An unsuitable deck gate and lack of markings were factors in the death of a drunk pilot in the Port of London, according to UK Government investigators. A sea pilot died on 5 October 2016 during a transfer from pilot launch Patrol to the Bahamas registered and Misje Rederi-operated, general cargo vessel Sunmi in the Thames, east of London.
A report by the UK’s Marine Accident Investigation Branch (MAIB) said the pilot fell from the launch and died when crushed between the two vessels. It said that “the designated pilot boarding station on board Sunmi was not marked and the deck gate should not have been opened in preparation for the transfer as it was unsuitable”.
An investigation into the accident found that the pilot had ingested sufficient alcohol on the day of the accident for his blood to contain 122 mg alcohol per 100 ml of blood, around two hours after reporting for duty. MAIB said “it is likely that the consumption of alcohol contributed to his fall”.
Another finding from the investigation was that a poster from the International Maritime Pilots’ Association highlighting the required boarding arrangements for pilots did not include reference to the amendments to pilot transfer arrangements made in IMO Resolution A.1108(29), regarding deck gates.
From the conclusions of the investigation, MAIB recommended that low freeboard pilot transfers should be included in risk assessments for boarding and landing because of the safety issues.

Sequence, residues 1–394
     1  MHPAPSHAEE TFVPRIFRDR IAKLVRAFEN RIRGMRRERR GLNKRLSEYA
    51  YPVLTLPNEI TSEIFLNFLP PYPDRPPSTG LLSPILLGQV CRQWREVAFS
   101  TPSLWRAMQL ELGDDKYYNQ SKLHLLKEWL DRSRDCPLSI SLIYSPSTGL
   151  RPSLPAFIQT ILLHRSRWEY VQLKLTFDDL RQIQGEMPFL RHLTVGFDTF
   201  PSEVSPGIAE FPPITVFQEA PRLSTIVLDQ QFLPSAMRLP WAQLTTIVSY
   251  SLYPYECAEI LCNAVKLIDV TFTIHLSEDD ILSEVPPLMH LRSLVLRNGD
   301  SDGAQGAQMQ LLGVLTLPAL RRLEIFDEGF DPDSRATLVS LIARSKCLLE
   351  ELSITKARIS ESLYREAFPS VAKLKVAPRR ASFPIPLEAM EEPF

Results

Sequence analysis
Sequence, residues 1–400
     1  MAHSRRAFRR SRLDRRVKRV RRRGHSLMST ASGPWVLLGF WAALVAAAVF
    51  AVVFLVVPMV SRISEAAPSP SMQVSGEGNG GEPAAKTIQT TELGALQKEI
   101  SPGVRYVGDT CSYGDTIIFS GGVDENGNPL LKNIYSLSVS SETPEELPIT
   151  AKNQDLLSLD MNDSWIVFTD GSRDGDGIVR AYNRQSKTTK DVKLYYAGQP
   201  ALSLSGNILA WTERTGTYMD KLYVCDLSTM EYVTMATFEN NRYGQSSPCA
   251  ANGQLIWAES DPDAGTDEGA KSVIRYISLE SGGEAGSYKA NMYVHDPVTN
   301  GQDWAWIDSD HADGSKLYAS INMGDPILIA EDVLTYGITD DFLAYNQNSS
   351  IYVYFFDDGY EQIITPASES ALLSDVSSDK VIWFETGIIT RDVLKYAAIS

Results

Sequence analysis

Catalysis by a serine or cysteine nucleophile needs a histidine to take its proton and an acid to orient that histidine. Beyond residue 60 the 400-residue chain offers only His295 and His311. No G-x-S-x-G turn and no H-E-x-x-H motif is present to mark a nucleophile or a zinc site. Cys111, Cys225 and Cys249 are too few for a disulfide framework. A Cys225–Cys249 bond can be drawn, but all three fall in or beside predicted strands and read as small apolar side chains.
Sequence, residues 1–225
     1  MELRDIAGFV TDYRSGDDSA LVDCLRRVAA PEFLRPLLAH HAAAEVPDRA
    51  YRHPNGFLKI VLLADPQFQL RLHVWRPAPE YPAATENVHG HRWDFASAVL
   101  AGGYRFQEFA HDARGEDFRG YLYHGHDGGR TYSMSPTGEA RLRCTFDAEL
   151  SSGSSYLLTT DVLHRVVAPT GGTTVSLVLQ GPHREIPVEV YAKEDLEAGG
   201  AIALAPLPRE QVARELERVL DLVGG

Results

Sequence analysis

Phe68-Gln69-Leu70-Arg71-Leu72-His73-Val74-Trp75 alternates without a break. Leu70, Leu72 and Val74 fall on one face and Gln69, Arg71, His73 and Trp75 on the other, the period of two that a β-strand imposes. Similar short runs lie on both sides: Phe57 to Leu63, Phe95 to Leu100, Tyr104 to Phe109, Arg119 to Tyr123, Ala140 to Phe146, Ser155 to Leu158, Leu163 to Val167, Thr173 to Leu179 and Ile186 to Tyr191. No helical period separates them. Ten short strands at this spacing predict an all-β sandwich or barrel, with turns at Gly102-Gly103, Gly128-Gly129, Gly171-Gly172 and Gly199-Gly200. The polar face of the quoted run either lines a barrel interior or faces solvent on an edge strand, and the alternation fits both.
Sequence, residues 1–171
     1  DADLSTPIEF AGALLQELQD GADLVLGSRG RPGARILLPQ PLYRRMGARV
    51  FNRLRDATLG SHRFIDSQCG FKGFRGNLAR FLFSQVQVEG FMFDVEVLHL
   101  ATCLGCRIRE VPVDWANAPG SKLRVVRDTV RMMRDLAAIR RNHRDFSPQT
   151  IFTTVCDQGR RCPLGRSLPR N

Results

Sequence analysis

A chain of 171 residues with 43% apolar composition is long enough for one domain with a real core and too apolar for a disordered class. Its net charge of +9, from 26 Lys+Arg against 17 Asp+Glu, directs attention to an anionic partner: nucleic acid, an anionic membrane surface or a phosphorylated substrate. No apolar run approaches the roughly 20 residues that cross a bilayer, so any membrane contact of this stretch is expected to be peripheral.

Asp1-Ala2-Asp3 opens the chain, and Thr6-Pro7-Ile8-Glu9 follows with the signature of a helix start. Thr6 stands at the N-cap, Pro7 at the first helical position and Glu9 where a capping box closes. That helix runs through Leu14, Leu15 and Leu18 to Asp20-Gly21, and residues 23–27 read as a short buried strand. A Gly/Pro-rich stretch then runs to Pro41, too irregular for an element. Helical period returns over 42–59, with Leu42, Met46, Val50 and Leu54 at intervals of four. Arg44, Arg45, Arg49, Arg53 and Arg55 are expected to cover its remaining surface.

MAIB also recommended that the International Maritime Pilots’ Association should promulgate the requirements for gateways in vessels’ rails or bulwarks intended for pilot boarding operations. This should be done by updating the ‘Required Boarding Arrangements For Pilot’ poster to include the IMO resolution amendments.
Another recommendation was given to Misje Rederi to ensure that the designated pilot boarding areas on its ship Sunmi are marked and that pilot boarding operations are overseen by a responsible officer.
The Port of London Authority has already reacted to accidents on the Thames involving workboats and pilot vessels in 2016. It launched a safety campaign in May 2017 that it hopes will minimise human error in port operations.